Dunno which one is the best, but I really liked DuinOS when I played with it a while back.
It didn't quite work right out of the box and required some tweaking, but I don't remember it being difficult to use.
Paraphrased from my comments above
Depending on the flexibility available in designing the sensor modules, a common signaling / sensor approach traditionally used with long cables in industrial applications is the 4-20 mA (or 10-50 mA for longer throws or EMI-intensive environments) current loop signaling standard.
- The cable and sensor module make up a current loop, module regulating current through it
- A current of 4 mA indicates analog minimum, or digital LOW
- 20 mA indicates analog full-scale or digital HIGH
- Open circuit = 0 mA = sensor offline alarm
- Short circuit = Current limit = sensor shorted alarm
Industrial sensor modules are often designed to be powered by the same current loop, thus eliminating the need for local power supplies. This is feasible, of course, only if the sensor module does not require greater than 4 mA drive current.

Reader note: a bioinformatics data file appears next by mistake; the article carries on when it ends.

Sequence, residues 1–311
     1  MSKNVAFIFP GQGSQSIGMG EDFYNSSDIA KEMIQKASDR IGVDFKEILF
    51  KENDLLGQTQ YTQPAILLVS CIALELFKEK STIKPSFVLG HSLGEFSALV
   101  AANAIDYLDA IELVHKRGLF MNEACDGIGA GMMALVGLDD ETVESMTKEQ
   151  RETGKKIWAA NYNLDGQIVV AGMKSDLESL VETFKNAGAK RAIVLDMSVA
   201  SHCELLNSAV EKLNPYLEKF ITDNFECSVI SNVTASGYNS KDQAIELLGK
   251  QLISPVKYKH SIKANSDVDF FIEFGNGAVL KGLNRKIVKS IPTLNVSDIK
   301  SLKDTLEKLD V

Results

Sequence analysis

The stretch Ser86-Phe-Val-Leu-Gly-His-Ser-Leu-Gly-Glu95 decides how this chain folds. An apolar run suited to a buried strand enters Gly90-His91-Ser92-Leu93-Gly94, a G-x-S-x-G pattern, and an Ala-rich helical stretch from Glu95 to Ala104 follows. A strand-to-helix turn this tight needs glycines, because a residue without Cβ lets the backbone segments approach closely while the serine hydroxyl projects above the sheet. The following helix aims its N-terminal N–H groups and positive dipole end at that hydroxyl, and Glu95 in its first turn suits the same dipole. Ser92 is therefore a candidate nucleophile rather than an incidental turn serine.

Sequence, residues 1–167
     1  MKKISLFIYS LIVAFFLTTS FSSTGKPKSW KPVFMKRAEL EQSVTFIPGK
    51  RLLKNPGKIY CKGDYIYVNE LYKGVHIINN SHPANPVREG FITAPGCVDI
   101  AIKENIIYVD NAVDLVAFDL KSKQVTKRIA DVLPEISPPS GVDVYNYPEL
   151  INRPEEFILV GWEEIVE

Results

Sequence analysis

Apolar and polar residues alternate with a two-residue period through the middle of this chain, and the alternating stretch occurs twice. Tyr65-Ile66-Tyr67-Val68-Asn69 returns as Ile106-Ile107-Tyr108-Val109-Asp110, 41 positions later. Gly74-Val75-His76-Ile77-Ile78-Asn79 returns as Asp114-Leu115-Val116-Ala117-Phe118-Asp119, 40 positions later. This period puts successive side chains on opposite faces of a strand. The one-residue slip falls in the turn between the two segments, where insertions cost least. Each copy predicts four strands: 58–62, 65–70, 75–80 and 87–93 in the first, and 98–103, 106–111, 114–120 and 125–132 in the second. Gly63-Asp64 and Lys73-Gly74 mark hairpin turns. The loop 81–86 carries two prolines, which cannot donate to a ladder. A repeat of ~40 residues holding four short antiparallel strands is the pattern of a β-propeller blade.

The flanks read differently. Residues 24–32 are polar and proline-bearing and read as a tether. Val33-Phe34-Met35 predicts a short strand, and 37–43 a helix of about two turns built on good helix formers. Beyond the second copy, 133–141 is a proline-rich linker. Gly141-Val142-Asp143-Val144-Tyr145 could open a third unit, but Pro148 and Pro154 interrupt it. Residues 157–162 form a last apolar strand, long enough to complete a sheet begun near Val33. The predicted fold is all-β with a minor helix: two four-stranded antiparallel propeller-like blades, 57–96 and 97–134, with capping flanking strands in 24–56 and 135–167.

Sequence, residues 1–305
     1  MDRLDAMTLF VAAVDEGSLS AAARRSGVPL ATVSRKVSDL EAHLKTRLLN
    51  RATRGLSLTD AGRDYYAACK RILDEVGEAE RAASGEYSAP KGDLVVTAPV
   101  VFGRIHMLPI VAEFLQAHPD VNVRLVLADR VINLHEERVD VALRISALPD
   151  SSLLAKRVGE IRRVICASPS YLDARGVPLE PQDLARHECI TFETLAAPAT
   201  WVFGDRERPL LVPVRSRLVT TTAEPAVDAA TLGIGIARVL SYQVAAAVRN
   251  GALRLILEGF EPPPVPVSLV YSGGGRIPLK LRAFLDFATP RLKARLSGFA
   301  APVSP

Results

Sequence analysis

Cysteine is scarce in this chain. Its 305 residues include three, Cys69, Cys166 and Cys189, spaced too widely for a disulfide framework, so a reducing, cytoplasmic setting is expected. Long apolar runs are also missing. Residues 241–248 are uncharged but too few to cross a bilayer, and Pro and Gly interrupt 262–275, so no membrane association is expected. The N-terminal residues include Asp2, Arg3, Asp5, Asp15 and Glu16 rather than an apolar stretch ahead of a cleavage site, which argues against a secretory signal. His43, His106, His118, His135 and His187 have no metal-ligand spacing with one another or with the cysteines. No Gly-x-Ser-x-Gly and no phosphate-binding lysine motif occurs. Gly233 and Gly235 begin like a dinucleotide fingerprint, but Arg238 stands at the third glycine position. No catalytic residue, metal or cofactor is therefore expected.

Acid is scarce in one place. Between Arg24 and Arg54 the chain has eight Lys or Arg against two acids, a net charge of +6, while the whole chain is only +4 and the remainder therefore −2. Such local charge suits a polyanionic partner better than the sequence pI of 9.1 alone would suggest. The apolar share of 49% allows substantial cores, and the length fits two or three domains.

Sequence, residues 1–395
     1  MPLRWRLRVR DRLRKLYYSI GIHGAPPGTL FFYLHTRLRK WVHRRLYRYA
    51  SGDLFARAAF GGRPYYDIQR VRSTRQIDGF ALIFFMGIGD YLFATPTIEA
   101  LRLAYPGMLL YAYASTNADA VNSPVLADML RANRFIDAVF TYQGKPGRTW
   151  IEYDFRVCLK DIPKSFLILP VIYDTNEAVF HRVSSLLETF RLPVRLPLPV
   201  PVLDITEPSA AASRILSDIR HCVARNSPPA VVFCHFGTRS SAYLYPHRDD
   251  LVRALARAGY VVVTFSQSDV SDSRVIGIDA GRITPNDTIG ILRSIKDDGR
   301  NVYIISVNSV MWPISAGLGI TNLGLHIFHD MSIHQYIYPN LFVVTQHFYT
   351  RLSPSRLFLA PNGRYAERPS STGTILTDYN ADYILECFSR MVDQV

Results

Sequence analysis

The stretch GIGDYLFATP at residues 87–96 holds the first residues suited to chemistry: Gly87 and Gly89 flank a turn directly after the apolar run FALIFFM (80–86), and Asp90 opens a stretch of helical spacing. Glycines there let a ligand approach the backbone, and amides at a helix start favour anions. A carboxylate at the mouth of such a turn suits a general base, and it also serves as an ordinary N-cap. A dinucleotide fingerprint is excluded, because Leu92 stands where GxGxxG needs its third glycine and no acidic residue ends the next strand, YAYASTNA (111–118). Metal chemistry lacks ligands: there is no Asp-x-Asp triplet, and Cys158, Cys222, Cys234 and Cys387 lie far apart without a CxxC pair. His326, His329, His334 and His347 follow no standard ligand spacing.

Various options exist for signaling current regulation, such as using BJTs, MOSFETs or complementary TrenchFET parts.
At the data collection end, voltage generated across a shunt resistor is amplified using an op-amp, for analog sensors. Digital signals can be captured using a suitably trimmed comparator circuit designed with some hysteresis.
Depending on any lightning or other high voltage risks perceived along the transmission cables, isolation amplifiers may be recommended instead of conventional op-amps for amplifying the shunt voltage. This ensures that the data collation devices are protected from potential differences that may creep in through induction, ground potential differences, or other causes.
For example, TI's AMC1100 Fully-Differential Isolation Amplifier is designed specifically for current-shunt sensing with HV isolation.
An added advantage of using a current loop signaling approach is that security breaches to the home security system implied in the question, can be detected if any sensor is either shorted out, or disconnected.
Here is a good run-down of four different OS for the Arduino http://antipastohw.blogspot.com/2009/11/4-operating-systems-for-arduino.html